There is a huge, mysterious structure near the village of Mezhirichi in Ukraine. It has an unusual shape (some suggest it looks like a giant crab or spider) which is visible in images actually taken from a hang glider. This gigantic mysterious earthwork structure is known as Mauritius Square.
Mauritius Square’s Construction
The dimensions of this construction are striking: at the middle of the immense structure there is a huge circle with a deep basin at the center. Three openings cut into the walls of the circle – one to the north-east, one on the west, and a final one at the southern side. Four extensive earthen ramps lead from the circle in curvy lines, however one of the ramps was destroyed by farming. The basin contains two smaller sections which were probably used for rituals. The huge size of Mauritius Square gives it a commanding presence in the landscape – the largest ramp has a length of 65 meters (213 ft) – diminutive in comparison to the gigantic circular structure.
All other data on the measurements of the Mauritius Square are from archaeologists’ approximations. These include:
– the length of the of the square – about 250 meters (820 ft);
– the width of the square – about 120 meters (394 ft);
– the diameter of the basin at the top – 40 meters (131 ft);
– the depth of the basin – 6 – 10 meters (20-33 ft);
– the angle of inclination – from 37 to 45 degrees.
The size of the creation is indeed impressive. So what do we know about Mauritius Square’s creators?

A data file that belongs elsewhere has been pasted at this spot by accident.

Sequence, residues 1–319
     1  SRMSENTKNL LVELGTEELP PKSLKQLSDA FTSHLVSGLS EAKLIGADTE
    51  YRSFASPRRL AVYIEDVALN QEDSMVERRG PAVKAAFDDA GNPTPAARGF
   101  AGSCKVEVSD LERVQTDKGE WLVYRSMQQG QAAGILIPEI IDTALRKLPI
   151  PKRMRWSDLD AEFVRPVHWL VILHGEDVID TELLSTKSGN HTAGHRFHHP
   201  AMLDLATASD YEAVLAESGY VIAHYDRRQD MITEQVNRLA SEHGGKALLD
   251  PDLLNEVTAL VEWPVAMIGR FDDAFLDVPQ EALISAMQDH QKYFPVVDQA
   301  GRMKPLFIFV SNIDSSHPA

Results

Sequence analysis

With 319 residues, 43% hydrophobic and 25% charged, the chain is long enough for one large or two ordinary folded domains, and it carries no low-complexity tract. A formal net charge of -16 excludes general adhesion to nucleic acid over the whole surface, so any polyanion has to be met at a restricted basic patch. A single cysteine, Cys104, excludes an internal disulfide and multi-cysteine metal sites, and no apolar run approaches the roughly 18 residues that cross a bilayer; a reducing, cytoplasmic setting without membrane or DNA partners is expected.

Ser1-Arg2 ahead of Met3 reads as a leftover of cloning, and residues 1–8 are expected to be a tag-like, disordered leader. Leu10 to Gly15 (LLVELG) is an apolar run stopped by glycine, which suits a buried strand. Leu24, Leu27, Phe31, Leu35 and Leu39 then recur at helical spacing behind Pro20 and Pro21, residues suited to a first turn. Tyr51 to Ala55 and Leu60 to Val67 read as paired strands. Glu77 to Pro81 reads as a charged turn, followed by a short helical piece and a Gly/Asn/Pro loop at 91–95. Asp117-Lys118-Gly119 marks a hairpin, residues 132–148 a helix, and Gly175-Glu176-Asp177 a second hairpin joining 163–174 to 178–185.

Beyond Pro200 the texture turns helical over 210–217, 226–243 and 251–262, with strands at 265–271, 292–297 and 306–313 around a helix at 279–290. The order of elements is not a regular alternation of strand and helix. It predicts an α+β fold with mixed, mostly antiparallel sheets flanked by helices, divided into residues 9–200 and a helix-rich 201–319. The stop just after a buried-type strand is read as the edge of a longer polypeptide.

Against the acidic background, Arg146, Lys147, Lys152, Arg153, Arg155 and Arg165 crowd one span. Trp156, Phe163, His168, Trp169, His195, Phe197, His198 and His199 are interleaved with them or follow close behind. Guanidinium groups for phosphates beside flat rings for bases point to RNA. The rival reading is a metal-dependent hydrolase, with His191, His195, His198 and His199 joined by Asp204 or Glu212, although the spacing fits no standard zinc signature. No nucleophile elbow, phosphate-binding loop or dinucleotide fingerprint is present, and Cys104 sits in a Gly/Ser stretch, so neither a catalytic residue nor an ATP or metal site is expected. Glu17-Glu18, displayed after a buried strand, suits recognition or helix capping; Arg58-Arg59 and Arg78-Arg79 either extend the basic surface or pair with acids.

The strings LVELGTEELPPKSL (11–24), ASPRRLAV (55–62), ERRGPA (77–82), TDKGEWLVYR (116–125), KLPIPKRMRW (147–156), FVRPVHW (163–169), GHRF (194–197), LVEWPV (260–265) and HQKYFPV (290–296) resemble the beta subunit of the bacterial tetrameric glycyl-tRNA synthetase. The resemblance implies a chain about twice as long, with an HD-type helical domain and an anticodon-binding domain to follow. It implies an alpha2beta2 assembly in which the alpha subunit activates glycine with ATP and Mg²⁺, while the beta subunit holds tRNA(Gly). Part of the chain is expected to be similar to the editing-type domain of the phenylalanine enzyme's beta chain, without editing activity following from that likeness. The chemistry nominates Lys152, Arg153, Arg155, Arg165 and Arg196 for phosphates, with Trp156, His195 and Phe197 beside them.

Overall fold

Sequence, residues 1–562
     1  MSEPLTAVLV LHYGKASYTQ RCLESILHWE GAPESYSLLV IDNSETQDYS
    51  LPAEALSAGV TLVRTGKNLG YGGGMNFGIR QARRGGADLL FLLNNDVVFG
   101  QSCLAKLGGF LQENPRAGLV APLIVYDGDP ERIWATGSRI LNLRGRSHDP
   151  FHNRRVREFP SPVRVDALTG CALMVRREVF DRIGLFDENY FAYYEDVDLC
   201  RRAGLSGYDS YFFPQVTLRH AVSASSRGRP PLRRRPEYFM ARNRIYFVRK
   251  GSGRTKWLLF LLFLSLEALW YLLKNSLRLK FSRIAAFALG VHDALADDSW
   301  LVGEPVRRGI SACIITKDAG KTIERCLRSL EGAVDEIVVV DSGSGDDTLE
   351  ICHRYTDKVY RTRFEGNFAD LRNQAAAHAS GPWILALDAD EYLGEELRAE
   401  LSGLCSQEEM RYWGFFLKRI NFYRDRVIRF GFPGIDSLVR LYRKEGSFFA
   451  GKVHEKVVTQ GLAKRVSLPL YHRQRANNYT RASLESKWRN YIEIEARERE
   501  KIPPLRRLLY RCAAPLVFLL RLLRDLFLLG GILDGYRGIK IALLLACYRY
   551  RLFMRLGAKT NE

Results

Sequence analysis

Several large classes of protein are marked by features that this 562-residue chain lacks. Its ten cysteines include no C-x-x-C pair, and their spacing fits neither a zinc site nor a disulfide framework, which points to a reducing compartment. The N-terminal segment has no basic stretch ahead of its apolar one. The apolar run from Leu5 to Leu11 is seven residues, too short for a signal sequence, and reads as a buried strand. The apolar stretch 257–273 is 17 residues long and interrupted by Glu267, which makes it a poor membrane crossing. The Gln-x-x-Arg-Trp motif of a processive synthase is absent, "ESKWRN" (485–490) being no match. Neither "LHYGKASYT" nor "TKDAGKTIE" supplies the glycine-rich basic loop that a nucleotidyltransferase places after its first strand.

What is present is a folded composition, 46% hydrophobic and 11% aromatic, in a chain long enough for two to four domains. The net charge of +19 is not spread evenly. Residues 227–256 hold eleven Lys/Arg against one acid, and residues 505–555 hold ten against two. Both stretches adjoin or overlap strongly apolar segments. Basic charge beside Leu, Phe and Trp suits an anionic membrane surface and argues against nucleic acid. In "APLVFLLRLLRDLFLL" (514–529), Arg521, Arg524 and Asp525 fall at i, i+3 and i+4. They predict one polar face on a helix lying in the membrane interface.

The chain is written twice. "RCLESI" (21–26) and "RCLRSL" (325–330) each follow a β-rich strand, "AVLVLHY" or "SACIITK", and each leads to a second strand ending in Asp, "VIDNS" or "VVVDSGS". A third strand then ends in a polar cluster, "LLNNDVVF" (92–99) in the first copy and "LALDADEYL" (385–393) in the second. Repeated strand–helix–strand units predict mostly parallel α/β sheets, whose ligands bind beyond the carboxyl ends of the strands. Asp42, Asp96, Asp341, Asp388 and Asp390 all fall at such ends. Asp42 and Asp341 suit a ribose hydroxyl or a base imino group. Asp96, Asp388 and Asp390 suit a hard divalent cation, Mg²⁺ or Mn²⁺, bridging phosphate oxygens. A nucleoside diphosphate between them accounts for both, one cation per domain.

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View of mounds in Mauritius Square. ( CC BY SA 4.0 )
Research, Origin, and Purpose of the Structure
The first studies of this site were carried out in 1987 by archaeologist L.M. Churnilova, who also dated part of the monument. In 2001, a group of researchers flew over the square on hang-gliders and captured an aerial view of the structure. In 2004, archaeological excavations were conducted around the square. Five burial grounds were excavated (dating to the end of the fourth millennium BC, the beginning of the third millennium BC, and the second millennium BC). The skeletons found in the burials belonged to the Indo-European community, which led the researchers to suggest Mauritius Square was built by Indo-Europeans as a temple in which they prayed and sacrificed to the gods, as well as an astronomical observatory.
To this day, the sun sets right in the center of one of the valleys of Mauritius Square on the day of the vernal equinox. Perhaps an astronomical aspect was also tracked by the ramps or shafts which move away from the center. There are signs that hills (or small burial mounds) and holes, which possibly held pillars, once existed between the ramps. These features may have acted as landmarks related to when and where the sun rose or set.
An observation was carried out at the center of Mauritius Square, whose azimuth is 270 degrees at sunset on the spring and autumn equinoxes and 51 degrees on the summer solstice, which is equivalent to the angle of the inclination of Cheops pyramid (Khufu, Giza). An observation of the moon showed it moving among the stars from west to east. The researchers also looked for Sirius: after a seventy-two-hour break before sunset, the brightest star – Sirius – appeared on the horizon and announced the summer solstice.
Sirius, the brightest star in the night sky. ( CC BY SA 3.0 )
There is also a suggestion that Mauritius Square was built by Cossacks as a defensive structure. The Cossacks could have used the square for protection as they were threatened by raids of Turks and Tatars to the south and Lithuanian and Polish feudal lords from the north. However, they probably did not build the structure themselves.
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One of the wonders of the square is that it acts as a magnificent amplifier of sound. If a person standing in the basin of the center speaks in a whisper then his/her words can be heard clearly at the top of the structure – all without a microphone or other technology! Perhaps this basin, which resembles a deep bowl, was used by ancient people to transmit sounds in such a way.